Wisconsin Vascular Access Service, Milwaukee Wisconsin

vascular access services, PICC line placement, IV placement, Midline IV placements, skilled board certified RN's, Ultrasound guided vascular access technology.

P.O. Box 20859
Milwaukee, WI 53220
Phone: (414) 322-0909

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Wisconsin Vascular Access Services


Operations Phone: (414) 322-0909 • Business Phone: (414) 914-9434

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Wisconsin Vascular Access Service

PO BOX 20859
Milwaukee, Wisconsin 53220

 Operations Phone: (414) 322-0909
 Business Phone: (414) 914-9434
 Fax: (414) 435-0218

Wisconsin Vascular Access Services


A peripherally inserted central catheter (PICC line) is a form of intravenous access that can be used for a prolonged period of time (e.g. for long chemotherapy regimens, extended antibiotic therapy, or total parenteral nutrition).  Because the tip of the IV is positioned in a "central"vein, it can also be used for vesicant medications (pH <5 or >9), pressors and monitoring of central venous pressure.

Patient Identified as a Candidate for PICC

WVAS Placement Criteria


Is considered a "long-dwell" peripheral intravenous access device.  It is inserted into a larger vein in the arm.  The catheter is generally 8-10cm in length with the tip resting in the upper arm below the axillary line.  A larger arm vessel provides better drug hemodilution than the smaller vessels used for standard peripheral catheters.  The device has a longer dwell time which avoids repeated IV replacements.  Lab samples may also be obtained from a midline IV.  It may be used to administer any medication or therapy which does not require central access.

Ultrasound Guided Peripheral IV

Peripheral intravenous device (PIV)/catheters are the most commonly used intravenous device in hospitalized patients. They are primarily used for therapeutic purposes such as administration of medications, fluids and/or blood products.  Generally, Peripheral IV's have a dwell time < 96 hours, though emerging research recommends peripheral IV’s may dwell as long as there are no signs or symptoms of infection without adverse outcomes.

Central Line

A central venous catheter (CVC), also known as central line, central venous line or central venous access catheter, is a catheter placed into a large vein in the neck (internal jugular vein), chest(subclavian vein or axillary vein) or groin (femoral vein). It is used to administer medication or fluids, obtain blood tests (specifically the "central venous oxygen saturation"), and measure central venous pressure.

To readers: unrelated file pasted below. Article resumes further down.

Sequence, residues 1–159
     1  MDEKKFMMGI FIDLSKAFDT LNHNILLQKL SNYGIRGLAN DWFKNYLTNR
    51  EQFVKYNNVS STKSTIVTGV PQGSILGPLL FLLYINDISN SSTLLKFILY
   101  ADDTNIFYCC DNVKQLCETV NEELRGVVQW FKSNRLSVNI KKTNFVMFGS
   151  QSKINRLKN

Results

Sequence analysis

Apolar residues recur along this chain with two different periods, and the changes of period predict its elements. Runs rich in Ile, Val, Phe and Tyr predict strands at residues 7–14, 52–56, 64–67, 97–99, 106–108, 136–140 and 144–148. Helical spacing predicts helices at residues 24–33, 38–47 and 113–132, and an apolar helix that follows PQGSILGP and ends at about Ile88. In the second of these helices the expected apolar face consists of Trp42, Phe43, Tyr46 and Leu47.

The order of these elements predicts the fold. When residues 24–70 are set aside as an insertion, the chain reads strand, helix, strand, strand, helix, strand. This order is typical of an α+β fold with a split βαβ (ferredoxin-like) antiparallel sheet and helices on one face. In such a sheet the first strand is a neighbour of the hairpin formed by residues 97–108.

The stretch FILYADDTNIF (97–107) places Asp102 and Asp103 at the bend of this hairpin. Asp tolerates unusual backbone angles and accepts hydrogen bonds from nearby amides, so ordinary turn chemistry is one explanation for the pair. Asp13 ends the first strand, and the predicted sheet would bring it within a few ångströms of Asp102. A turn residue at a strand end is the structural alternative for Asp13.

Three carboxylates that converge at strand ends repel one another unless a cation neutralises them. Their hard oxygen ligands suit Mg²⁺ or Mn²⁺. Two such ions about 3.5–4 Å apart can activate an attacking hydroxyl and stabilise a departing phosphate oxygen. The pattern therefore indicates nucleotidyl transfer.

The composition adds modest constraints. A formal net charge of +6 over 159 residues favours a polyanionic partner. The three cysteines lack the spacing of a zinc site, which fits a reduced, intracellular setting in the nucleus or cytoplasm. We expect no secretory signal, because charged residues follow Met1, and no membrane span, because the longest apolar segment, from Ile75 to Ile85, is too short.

About Wisconsin Vascular Access Service

Wisconsin Vascular Access Service is a team of highly skilled Board Certified RN's educated in the use of ultrasound guidance and vascular access technologies.  We service 24/7 (including weekends and holidays), collaborate with the treatment team and perform a thorough assessment of the patient need and provide the most appropriate vascular access device.

Our 100% RN staff receive ongoing education in the use of ultrasound, ECG technology, CXR review and vein anatomy and preservation. We adhere to the AVA (Association of Vascular Access) and ASDIN (American Society of Diagnostic and Interventional Nephrology) guidelines for the preservation of peripheral veins in patients with chronic kidney disease. Many of our staff are members of AVA and are Board Certified in Vascular Access (VA-BC).

Our Caring Staff

Our staff is specially equipped to assess for the appropriate venous access device. We’ll collaborate
with the MD and bedside RN to assure these goals are met. Our staff comes from diverse backgrounds in ICU, Emergency Services, Telemetry, Medical-Surgical, LTAC, Rehabilitation, Home care and Long -Term Care. We understand the needs of patients throughout the continuum of care.

Learn more about Wisconsin Vascular Access Staff

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